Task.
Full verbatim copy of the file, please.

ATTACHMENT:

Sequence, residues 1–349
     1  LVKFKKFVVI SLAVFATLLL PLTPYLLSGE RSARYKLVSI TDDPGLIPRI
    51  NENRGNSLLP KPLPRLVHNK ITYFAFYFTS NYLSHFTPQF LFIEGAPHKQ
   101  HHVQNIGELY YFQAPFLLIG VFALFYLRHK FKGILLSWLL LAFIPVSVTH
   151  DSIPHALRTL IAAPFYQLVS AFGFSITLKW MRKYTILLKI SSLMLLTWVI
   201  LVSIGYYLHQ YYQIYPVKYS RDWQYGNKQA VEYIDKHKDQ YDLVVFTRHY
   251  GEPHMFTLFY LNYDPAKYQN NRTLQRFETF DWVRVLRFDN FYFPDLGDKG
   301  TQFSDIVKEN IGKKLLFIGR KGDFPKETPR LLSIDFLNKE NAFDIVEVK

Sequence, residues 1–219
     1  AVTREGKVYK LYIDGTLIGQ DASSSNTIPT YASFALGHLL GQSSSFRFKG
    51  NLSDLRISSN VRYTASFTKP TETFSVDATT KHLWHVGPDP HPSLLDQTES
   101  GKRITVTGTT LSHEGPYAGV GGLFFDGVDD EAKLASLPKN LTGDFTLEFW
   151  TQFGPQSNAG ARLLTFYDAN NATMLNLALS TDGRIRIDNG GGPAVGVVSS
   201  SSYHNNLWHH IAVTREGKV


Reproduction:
Sequence, residues 1–349
     1  LVKFKKFVVI SLAVFATLLL PLTPYLLSGE RSARYKLVSI TDDPGLIPRI
    51  NENRGNSLLP KPLPRLVHNK ITYFAFYFTS NYLSHFTPQF LFIEGAPHKQ
   101  HHVQNIGELY YFQAPFLLIG VFALFYLRHK FKGILLSWLL LAFIPVSVTH
   151  DSIPHALRTL IAAPFYQLVS AFGFSITLKW MRKYTILLKI SSLMLLTWVI
   201  LVSIGYYLHQ YYQIYPVKYS RDWQYGNKQA VEYIDKHKDQ YDLVVFTRHY
   251  GEPHMFTLFY LNYDPAKYQN NRTLQRFETF DWVRVLRFDN FYFPDLGDKG
   301  TQFSDIVKEN IGKKLLFIGR KGDFPKETPR LLSIDFLNKE NAFDIVEVK

Sequence, residues 1–219
     1  AVTREGKVYK LYIDGTLIGQ DASSSNTIPT YASFALGHLL GQSSSFRFKG
    51  NLSDLRISSN VRYTASFTKP TETFSVDATT KHLWHVGPDP HPSLLDQTES
   101  GKRITVTGTT LSHEGPYAGV GGLFFDGVDD EAKLASLPKN LTGDFTLEFW
   151  TQFGPQSNAG ARLLTFYDAN NATMLNLALS TDGRIRIDNG GGPAVGVVSS
   201  SSYHNNLWHH IAVTREGKV